Residents Frustrated By City Council For Tabling 'In God We Trust' Installation Vote

Residents of Springfield, Missouri, crowded into City Hall to voice their opinions on a controversial proposal to put “In God We Trust,” the national motto, on the wall of the council chambers. Council members voted to table the issue until another time, frustrating the local community that has been debating the issue.

The proposal was made by recently elected councilman Justin Burnett. The phrase is found nearby in the Greene County Courthouse and police patrol cars of the Greene County Sheriff’s Department, as well as other municipal and county properties in southwest Missouri.

Council Mike Schilling made the motion to table the issue. He wanted it to be sent to the plans and policies committee and to give time allow council members to consult with legal experts. A majority of members voted in agreement to have the issue tabled, KY3 reports.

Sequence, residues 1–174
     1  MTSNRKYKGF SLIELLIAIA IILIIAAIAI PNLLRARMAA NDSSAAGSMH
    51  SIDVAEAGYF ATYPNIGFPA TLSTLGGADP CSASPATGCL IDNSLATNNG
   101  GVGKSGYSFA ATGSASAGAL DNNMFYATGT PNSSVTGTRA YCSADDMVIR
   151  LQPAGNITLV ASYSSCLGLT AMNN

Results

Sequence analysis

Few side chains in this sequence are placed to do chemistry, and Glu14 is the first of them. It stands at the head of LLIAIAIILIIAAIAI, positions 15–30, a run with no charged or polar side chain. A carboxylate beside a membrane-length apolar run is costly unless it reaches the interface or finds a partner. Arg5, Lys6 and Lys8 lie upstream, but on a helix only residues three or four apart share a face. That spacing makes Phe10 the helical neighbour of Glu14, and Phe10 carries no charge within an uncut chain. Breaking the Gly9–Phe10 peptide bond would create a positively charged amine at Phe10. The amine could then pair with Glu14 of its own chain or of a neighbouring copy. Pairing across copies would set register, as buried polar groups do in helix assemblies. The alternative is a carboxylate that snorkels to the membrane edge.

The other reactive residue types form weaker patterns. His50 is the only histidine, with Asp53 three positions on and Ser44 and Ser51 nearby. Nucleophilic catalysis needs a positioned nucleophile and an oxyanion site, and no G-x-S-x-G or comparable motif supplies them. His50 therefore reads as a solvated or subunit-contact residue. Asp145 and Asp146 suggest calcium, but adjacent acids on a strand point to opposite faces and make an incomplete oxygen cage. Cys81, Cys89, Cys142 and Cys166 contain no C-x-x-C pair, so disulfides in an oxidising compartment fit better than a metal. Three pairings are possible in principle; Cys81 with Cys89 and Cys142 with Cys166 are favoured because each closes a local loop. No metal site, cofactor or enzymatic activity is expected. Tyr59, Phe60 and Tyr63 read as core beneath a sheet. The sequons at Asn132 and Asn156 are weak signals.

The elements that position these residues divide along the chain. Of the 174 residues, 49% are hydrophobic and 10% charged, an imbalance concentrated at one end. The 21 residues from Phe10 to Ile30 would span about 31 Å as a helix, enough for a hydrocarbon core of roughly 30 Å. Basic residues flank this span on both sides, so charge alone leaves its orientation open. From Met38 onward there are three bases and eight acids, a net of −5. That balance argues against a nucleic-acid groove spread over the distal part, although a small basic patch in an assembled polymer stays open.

Burnett says he is in favor of the motto getting installed and wanted to hear the audience’s opinions, reported The Washington Times. He said adding "In God We Trust" to the wall in council chambers did not have anything to do with Christianity. He said it was really about patriotism and the nation’s heritage.

Opponents think it would make non-religious people feel unwelcome in Springfield. Although the U.S. Supreme Court has ruled the motto does not constitute an official endorsement of religion, some residents are skeptical that it does not represent a violation of the separation church and state outlined in the establishment clause of the First Amendment to the U.S. Constitution.

Mayor Bob Stephens is against the proposal. He countered with a proposal to add the Latin phrase "E Pluribus Unum" which translates to "Out of Many, One." Others in opposition to the motto support the mayor.

"E Pluribus Unum" was the original unofficial motto of the U.S. until 1956 during the Cold War, when Congress changed it to "In God We Trust" to differentiate the U.S. from the secular Soviet Union.

The Springfield bills respective to both phrases were tabled, and it could take weeks or months before they are reconsidered.

Some Springfield residents for and against the motto were frustrated they were unable to voice their opinions. Mariah French, who is against the religious motto said tabling the motion was “very rude to the citizens of this community.”

Sources: KY3, The Washington Times

Photo Credit: Screenshot via KY3


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